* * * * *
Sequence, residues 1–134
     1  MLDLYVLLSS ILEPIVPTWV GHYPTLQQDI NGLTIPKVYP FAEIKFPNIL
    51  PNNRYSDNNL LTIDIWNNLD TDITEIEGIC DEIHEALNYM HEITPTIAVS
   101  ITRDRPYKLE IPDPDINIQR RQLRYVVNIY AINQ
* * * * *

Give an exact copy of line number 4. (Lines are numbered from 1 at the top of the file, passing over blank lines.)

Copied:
   101  ITRDRPYKLE IPDPDINIQR RQLRYVVNIY AINQ